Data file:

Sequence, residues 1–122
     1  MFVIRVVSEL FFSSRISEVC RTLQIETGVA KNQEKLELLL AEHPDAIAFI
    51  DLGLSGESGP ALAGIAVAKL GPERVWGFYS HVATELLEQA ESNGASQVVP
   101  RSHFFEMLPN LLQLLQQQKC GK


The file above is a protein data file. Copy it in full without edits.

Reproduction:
Sequence, residues 1–122
     1  MFVIRVVSEL FFSSRISEVC RTLQIETGVA KNQEKLELLL AEHPDAIAFI
    51  DLGLSGESGP ALAGIAVAKL GPERVWGFYS HVATELLEQA ESNGASQVVP
   101  RSHFFEMLPN LLQLLQQQKC GK